Promoter Eddie Hearn talked the talk after former Olympic boxing champion, Katie Taylor, walked the walk in her professional debut win in London on Saturday night.
Grand plans of a world-title fight at Croke Park were on the agenda at Wembley Arena, with Matchroom Promotions boss, Hearn, predicting that his new signing would travel Stateside to become a star before she would book a glorious homecoming.
Taylor took the first step towards making that a reality when she blitzed journeywoman, Karina Kopinska. It was only the 27-year-old Pole’s second stoppage loss in a 25-fight career.
Taylor pummelled the previously durable Kopinska from the opening bell of their lightweight fight, forcing referee, Robert Williams, to halt the contest 58 seconds into the third round, with the Pole trapped in her own corner under a barrage of blows.
After Taylor impressed in front of a live Sky Sports audience on her first pro bill, Hearn suggested that only GAA headquarters would be big enough to cater for her support, when she eventually returns to Ireland for a home show, next year.
“I believe she can win a world title now, but there is no value in winning a world title now,” said Hearn. “Let’s become huge and then go to, I thought the 3 Arena, but now I guess we’ll have to say Croke Park.”
Taylor’s impressive performance was exactly what Hearn and her manager, Brian Peters, had ordered, as they look to build the five-time amateur world champion into a star who can raise women’s pro boxing to new levels.
“Well, you have to obviously impress on your pro debut and get everyone talking and you have to be able to fill out these stadiums in the future,” said Taylor.
“So, if you want to be a headliner in the future, you have to absolutely impress in every single fight.
“I’ve always wanted to be a history-maker and break down a lot of barriers. I think I’ve done that in amateur boxing.
“So, I think I’ve got the platform to do that in the pro ranks, as well,” said the Bray woman, who was effectively afforded the status of a headliner in last week’s promotional build-up to the bout.
Such a move, from the likes of Matchroom and Sky, is unusual, even for a decorated amateur prospect — and unprecedented for a female boxer.
“These first two fights, it’s so important to get the right start and, honestly, even if I wrote [a script], it wouldn’t have been as good as what happened,” said Hearn, referring to Taylor’s quick-fire schedule.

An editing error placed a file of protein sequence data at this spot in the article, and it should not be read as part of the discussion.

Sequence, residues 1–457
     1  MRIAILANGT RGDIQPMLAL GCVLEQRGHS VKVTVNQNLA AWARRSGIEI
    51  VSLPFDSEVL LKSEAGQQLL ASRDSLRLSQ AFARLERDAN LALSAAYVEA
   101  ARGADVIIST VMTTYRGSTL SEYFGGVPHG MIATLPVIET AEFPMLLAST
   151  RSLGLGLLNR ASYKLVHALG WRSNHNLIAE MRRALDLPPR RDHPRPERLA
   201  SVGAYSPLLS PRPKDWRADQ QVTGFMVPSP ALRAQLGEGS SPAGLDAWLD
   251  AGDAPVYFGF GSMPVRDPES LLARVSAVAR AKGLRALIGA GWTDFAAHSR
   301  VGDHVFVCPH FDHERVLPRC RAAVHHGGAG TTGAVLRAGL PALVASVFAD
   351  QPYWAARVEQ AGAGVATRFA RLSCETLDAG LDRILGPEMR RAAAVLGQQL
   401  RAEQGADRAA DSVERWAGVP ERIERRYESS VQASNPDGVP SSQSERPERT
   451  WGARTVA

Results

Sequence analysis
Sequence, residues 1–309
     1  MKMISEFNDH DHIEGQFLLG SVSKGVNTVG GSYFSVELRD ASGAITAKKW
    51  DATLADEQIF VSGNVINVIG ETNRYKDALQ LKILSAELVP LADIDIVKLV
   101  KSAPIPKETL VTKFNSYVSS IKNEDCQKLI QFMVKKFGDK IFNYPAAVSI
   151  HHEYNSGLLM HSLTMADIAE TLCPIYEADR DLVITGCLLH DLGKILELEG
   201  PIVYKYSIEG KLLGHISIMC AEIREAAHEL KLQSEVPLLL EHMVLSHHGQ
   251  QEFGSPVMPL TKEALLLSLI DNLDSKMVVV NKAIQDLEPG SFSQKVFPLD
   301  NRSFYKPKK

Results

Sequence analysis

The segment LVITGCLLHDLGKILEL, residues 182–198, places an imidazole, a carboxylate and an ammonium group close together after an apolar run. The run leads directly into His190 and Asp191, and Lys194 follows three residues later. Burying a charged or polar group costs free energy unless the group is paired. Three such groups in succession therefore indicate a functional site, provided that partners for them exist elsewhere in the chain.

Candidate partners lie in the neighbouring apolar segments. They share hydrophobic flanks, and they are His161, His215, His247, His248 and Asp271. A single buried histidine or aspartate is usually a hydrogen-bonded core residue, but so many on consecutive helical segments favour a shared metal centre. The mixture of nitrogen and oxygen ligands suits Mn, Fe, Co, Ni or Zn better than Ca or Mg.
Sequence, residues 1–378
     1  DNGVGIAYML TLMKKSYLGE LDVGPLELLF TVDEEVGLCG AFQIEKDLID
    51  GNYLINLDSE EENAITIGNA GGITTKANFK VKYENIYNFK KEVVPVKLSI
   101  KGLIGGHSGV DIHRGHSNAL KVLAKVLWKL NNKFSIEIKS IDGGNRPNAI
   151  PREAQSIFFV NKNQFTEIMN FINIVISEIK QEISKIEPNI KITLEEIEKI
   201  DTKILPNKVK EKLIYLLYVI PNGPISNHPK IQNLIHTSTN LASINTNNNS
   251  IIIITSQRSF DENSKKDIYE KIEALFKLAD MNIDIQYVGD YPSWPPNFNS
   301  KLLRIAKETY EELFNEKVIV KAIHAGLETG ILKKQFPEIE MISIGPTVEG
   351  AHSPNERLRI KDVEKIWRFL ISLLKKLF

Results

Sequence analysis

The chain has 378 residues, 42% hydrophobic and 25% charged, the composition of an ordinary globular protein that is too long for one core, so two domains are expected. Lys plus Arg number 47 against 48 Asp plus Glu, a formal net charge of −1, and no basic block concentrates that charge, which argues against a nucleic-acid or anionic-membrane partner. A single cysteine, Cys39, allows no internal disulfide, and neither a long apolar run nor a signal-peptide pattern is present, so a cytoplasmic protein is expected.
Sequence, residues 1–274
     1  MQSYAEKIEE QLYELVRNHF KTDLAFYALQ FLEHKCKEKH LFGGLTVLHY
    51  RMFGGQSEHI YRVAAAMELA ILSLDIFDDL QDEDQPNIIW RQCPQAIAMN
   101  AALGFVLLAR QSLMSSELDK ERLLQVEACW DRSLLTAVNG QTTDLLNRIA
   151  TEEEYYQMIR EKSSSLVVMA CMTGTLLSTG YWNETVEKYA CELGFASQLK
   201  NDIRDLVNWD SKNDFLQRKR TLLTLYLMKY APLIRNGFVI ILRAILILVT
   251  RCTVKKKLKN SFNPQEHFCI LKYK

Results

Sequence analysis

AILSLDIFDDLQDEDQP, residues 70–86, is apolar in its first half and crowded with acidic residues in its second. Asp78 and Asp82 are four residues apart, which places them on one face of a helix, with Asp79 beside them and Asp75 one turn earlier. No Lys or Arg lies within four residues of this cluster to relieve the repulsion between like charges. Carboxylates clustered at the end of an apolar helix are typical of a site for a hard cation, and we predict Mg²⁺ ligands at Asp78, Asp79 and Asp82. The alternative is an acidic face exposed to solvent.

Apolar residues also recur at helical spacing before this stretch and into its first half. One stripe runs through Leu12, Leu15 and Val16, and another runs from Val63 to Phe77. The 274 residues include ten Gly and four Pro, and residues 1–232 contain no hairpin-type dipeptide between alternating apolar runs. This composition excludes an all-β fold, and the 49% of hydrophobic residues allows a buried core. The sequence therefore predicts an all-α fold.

She will box again in two weeks’ time, on the undercard of Anthony Joshua’s world heavyweight title defence, in front of a crowd of 21,000 at Manchester Arena.
The glitz and glamour of the pro game is new to Taylor, who needed some coaxing from Hearn not to wear plain ring attire, in homage to her hero, Kostya Tszyu, the Russian-Australian former world champion, who used to wear simple, Mike Tyson-style, all-black shorts and boots.
Instead, Taylor’s black shorts were emblazoned with gold trim, appropriately enough, considering her five amateur world titles, six European crowns, and 2012 Olympic crown.
“The sky’s the limit,” said Hearn of Taylor’s potential marketability, and dollars will be on the agenda soon, as Taylor looks likely to feature on a March 18 fight bill in Madison Square Garden.
“I think, realistically [it will be] five or six before we go back to Ireland,” said Hearn. “We want to go out to box in America, see what happens there, give her a chance to become a superstar… then back to Ireland for the big one.”
An opponent for the December 10 Manchester show is expected to be confirmed early this week, and Hearn said that Taylor is likely to have four or five fights before taking on a quality foe.
Taylor said: “I’m happy to box whoever right now.. That’s always the way when you turn pro. The first few fights are... the [first] opponent isn’t as good as international amateur opponents.”
Meanwhile, Ireland finished in 13th place in the medals table, and 11th spot in the rankings table, at the 63-nation AIBA World Youth Championship, which concluded in St Petersburg, Russia, on Saturday.
Light welterweight, Gabriel Dossen, claimed bronze, as did Michael Nevin at middleweight.
The US, with ex-Irish head coach, Billy Walsh, working the corner, finished in second spot in the medals table, behind Cuba, after winning two gold and two bronze.
Walsh said: “I’m very proud, as head coach of not only the medallists, but each and every individual on the team.
“I look forward to a bright future for these young men and for Team USA, as we move into the next Olympic cycle.”
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